In 1919, Mr. Ullman photographed, Two A.M., for the Christie Film Company.[20] Then he followed up with, Back from the Front, and, A Home Spun Hero, in 1920, and the next title omitted from his work-history was, Hey Rube, in 1921, each of these films were for the Christie Company.[21] February of 1926 saw the premier of, The Winking Idol, another Universal serial, directed by Francis Ford, with Ullman providing the photography.[22] In December of 1927, Ullman was photographing, Home James, starring Laura La Plante; the movie premiered in September of 1928.[23]

1929 found, Ullman back in New York, not as photographer but working for the New York Life Insurance Company.[24] By 1930, Edward G. Ullman was no longer listed amongst the leaders of his field; instead he was a part of the Second Cameramen, of the Local 659 members of the western states.[25]

Edward Goldsmith Ullman, a career filled with firsts, a leader in film-photography-experimentation[26] and at a particular time in celluloid history a respected pioneer of Hollywood; now another film-making name lost in obscurity.

internationalpho02holl_0566

 

By C. S. Williams

 

 

[1] Motion Picture News, Motion Picture Studio Directory and Trade Annual, October 21, 1916

[2] International Photographer, March, 1940

[3] Motion Picture News, Motion Picture Studio Directory and Trade Annual, 1921

[4] Motion Picture News, Motion Picture Studio Directory and Trade Annual, October 21, 1916

[5] Motion Picture News, Motion Picture Studio Directory and Trade Annual, October 21, 1916

[6] Motion Picture News, July 27, 1916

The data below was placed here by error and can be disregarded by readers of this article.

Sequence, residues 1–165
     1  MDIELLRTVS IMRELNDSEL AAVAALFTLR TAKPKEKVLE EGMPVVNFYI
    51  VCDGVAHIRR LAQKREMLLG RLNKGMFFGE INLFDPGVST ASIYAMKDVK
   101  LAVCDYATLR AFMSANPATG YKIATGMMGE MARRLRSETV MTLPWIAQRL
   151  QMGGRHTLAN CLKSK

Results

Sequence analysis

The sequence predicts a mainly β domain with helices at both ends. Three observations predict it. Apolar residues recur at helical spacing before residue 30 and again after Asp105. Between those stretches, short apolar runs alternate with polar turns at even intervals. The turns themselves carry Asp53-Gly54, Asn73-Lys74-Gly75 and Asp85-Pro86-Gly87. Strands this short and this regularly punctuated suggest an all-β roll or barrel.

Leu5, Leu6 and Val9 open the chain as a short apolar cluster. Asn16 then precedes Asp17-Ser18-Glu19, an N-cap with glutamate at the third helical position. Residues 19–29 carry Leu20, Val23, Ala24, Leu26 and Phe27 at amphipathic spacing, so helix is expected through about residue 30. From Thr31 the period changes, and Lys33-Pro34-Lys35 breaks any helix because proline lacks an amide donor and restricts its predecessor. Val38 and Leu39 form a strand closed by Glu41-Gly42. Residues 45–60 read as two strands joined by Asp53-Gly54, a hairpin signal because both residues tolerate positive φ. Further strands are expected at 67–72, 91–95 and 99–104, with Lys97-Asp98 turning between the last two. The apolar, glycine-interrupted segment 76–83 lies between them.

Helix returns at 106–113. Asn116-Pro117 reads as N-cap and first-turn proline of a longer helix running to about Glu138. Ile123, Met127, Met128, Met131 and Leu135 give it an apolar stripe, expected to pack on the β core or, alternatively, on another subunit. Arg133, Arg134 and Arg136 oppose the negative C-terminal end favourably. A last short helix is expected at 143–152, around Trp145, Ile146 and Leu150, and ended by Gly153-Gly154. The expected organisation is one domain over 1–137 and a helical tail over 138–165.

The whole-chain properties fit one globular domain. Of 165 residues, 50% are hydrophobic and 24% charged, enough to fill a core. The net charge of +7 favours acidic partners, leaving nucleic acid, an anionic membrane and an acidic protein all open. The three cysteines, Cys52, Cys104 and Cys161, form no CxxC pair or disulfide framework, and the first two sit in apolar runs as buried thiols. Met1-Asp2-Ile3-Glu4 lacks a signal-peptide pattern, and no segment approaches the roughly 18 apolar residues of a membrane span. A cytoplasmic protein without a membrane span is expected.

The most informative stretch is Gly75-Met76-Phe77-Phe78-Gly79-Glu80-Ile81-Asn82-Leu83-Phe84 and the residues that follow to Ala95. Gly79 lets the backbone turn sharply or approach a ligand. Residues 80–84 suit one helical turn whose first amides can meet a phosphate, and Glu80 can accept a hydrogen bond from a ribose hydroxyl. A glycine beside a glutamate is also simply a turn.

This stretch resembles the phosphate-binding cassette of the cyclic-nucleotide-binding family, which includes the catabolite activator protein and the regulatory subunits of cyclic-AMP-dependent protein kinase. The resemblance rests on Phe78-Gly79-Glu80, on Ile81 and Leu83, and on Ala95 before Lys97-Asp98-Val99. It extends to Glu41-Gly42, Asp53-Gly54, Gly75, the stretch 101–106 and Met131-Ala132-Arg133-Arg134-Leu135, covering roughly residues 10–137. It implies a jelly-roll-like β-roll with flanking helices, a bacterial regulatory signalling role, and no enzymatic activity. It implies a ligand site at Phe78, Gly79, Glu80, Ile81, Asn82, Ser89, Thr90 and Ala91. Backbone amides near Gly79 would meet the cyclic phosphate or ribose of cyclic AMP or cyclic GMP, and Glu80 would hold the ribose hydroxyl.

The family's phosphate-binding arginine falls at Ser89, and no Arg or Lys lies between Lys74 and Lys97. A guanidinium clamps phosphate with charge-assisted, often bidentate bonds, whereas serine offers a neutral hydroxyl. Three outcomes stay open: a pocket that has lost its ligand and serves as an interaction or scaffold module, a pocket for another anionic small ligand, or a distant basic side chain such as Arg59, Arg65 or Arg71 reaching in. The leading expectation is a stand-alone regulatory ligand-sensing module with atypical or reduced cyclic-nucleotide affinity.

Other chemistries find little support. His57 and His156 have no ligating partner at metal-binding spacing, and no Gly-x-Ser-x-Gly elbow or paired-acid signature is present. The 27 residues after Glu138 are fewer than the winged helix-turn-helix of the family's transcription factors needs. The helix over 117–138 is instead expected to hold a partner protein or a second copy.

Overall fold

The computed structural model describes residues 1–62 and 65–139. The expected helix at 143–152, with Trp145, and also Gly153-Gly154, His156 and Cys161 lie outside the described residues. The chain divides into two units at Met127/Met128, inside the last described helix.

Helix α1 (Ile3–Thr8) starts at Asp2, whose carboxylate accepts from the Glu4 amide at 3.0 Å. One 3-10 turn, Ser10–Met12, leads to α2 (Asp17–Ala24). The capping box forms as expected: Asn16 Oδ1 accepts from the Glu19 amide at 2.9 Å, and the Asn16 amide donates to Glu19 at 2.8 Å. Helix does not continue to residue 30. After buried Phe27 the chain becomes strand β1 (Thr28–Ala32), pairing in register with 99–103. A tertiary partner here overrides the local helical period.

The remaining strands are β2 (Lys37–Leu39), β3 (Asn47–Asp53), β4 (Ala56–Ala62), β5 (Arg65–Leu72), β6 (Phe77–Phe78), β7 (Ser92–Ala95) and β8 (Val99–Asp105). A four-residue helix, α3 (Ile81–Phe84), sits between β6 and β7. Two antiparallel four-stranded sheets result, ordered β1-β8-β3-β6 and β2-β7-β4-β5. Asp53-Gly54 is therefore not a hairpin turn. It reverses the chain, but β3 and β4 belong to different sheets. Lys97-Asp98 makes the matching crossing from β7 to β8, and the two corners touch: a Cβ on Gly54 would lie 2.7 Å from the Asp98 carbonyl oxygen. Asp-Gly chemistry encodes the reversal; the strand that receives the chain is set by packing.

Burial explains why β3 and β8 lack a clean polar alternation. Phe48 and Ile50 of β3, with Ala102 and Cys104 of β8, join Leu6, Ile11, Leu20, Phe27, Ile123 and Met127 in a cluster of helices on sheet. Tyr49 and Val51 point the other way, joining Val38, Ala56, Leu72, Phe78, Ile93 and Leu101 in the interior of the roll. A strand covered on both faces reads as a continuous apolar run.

[7] International Photographer, July, 1930

[8] International Photographer, October, 1935

[9] International Photographer, October, 1935

[10]  Motion Picture News, Motion Picture Studio Directory and Trade Annual, 1916

Motion Picture News, April 17, 1915

The New Historical Dictionary of the American Film Industry, by Anthony Slide, Fitzroy Dearborn Publishers, 1998

[11] Motion Picture News, March 10, 1917

[12] Motion Picture News, Motion Picture Studio Directory and Trade Annual, October 21, 1916

[13] Motion Picture News, Motion Picture Studio Directory and Trade Annual, October 21, 1916

[14] Motion Picture News, September 19, 1914

[15] Motion Picture News, Motion Picture Studio Directory and Trade Annual, 1918

[16] Moving Picture World, October 27, 1917

[17] Film Daily, June 7, 1925

[18] Film Daily, November 17, 1918

[19] Film Daily, October 6, 1918; June 7, 1925

[20] Motion Picture News, Motion Picture Studio Directory and Trade Annual, October 21, 1920

[21] Motion Picture News, Motion Picture Studio Directory and Trade Annual, October 21, 1921

[22] Motion Picture News, March 20, 1926

[23] Film Daily, December 16, 1927

[24] The International Photographer, April, 1929

[25] The International Photographer, June, 1930

[26] The International Photographer, April, 1934